“The important thing is to work with results quickly. If you wait eight to ten months to do a workshop following a survey, the insights might be irrelevant.”
Hollard is a family-owned insurance company that is committed to retaining employees by offering great perks, rewards, and recognition.
To do this, the company launched an employee perks program called PerksPlus Recognition and also introduced Hollard High-Five eCards as a way for employees to easily and effectively recognise each other’s work.
The program was a huge success, with 95% of employees logging into the platform in the first week and a total of 702 moments of recognition shared and celebrated across the business within the first 3 months.
Speaking on this, HR Business Partner at Hollard Rebekah Quince had this to say:
“The gold standard for me is being an employer of choice, and part of that is the way we recognize and reward staff and growing the employee benefits offering with options that support them.”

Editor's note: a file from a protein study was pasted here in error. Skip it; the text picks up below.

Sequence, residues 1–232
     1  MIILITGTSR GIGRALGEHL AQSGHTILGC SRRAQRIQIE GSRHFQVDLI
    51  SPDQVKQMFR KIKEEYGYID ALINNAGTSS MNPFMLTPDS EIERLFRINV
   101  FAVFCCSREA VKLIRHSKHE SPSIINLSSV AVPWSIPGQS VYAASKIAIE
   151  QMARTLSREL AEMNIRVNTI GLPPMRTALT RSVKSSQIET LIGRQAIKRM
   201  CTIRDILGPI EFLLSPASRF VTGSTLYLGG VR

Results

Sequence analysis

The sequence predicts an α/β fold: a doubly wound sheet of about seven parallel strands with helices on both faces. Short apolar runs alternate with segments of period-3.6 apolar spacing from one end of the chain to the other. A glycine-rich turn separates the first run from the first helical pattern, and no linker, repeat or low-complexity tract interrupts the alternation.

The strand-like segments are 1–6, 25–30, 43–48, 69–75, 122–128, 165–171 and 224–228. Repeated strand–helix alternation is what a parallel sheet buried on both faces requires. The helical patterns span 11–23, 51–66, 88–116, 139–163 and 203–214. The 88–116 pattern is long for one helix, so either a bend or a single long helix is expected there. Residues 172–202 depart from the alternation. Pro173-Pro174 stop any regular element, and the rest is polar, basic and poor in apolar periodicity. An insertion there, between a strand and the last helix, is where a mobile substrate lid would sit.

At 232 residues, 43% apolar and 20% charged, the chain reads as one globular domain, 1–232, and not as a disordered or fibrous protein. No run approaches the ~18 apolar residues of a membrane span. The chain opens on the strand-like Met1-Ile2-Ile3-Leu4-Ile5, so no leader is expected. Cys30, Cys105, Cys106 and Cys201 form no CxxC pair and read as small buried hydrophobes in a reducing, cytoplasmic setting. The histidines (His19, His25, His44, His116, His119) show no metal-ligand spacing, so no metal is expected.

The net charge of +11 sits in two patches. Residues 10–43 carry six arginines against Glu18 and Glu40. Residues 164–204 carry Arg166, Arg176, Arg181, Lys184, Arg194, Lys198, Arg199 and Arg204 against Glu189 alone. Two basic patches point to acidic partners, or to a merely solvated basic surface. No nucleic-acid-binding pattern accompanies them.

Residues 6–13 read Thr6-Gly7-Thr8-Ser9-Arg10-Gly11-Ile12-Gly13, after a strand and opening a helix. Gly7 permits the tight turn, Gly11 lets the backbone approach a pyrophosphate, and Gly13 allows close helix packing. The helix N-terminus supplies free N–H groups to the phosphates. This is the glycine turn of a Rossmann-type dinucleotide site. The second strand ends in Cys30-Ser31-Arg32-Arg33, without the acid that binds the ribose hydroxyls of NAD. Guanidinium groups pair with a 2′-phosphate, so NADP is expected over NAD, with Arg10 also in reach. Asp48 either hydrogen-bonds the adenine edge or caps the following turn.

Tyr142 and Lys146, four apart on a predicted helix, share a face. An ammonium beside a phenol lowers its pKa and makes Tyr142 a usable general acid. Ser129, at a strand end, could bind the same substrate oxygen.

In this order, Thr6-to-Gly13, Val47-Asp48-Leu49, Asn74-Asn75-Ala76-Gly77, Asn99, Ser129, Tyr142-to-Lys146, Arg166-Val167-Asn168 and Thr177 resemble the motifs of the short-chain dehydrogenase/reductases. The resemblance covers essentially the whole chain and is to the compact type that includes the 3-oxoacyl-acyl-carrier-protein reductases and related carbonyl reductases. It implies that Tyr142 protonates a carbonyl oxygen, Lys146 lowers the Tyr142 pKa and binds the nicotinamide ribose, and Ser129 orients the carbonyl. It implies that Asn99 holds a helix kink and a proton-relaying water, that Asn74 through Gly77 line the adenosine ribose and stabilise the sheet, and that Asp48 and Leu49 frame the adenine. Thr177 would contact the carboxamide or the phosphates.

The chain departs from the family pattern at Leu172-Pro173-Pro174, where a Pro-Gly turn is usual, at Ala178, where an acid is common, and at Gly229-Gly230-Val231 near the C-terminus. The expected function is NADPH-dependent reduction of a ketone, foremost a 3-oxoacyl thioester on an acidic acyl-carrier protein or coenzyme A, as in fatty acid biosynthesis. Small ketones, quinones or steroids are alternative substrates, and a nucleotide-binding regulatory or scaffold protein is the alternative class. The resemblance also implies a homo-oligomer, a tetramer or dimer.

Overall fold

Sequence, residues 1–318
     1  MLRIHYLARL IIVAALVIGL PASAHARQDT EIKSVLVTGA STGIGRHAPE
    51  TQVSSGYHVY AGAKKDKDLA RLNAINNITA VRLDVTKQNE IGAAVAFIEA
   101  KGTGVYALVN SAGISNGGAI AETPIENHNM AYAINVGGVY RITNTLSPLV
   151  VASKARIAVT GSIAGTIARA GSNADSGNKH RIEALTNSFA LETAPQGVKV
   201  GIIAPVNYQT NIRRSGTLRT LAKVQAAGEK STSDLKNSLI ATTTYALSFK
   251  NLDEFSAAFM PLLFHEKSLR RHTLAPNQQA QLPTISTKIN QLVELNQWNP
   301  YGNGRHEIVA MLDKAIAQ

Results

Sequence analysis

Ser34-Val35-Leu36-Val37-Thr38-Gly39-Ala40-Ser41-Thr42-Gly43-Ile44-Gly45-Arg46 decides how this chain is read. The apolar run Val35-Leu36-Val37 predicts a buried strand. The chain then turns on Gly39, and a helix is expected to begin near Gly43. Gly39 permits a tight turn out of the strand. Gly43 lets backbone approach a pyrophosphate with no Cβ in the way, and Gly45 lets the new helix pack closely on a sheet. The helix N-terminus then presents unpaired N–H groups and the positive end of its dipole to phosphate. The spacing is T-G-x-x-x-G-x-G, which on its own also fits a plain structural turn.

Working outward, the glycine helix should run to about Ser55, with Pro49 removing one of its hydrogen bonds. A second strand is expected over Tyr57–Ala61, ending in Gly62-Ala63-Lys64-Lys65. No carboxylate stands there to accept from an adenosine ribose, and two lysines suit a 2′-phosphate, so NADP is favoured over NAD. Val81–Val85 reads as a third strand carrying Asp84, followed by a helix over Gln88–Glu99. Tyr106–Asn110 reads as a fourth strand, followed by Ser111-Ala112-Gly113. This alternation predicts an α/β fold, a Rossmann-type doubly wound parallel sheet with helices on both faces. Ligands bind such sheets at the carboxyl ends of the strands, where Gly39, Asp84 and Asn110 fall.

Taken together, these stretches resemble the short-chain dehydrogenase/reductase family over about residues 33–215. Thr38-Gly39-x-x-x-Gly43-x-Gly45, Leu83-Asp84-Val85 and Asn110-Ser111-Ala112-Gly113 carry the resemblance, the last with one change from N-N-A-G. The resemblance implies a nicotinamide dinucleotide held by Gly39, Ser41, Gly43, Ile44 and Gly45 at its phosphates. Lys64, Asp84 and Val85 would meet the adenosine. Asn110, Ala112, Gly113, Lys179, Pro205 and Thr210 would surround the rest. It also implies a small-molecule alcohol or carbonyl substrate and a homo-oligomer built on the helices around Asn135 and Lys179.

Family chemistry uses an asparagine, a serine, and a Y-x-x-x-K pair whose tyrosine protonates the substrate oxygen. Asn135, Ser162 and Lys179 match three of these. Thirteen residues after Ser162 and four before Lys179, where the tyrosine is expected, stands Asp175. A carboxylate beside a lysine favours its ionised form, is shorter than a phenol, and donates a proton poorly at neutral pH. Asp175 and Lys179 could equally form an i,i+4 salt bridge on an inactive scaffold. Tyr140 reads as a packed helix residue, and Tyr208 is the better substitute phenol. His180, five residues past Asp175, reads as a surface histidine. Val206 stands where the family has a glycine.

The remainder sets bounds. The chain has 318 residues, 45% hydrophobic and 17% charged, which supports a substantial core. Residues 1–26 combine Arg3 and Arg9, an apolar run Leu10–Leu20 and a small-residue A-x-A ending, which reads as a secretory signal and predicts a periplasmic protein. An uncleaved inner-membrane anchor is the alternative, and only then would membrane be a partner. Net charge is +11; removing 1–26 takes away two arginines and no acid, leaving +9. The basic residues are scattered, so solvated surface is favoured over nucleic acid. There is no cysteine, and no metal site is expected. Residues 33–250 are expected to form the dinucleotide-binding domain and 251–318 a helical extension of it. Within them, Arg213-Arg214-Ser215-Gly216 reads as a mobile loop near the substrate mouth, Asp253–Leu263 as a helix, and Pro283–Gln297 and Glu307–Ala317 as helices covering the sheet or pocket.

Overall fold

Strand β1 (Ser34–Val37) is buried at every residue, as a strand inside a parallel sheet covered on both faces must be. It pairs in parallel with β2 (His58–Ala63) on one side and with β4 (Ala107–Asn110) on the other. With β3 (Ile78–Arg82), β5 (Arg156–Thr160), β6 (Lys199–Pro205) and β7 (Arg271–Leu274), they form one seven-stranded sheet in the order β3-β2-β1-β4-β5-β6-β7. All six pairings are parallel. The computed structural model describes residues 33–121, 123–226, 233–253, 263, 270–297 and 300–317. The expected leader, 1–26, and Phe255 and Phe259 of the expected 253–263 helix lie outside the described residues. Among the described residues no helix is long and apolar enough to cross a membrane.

After struggling with employee retention and also noticing a pattern between employee disengagement and poorer customer service, Subway franchise owner Harold Jackson decided to implement a behavioural assessment during the hiring process.
The assessment helped Subway to understand candidate’s workplace behaviours and predict the best people for various roles, and the results were astounding.
Employee turnover reduced from 70% to 32% and this saved the company over $15,000 a year in training costs alone!
So, there you have it! Everything you need to know about employee engagement. We hope you found the information in this article useful and will apply these tips and tricks to your business to improve engagement among your employees.
If you want to find out more about how to boost morale in your business and ensure your employees are at their happiest and most efficient, read this next: 10 Ways to Build an AMAZING Team Culture.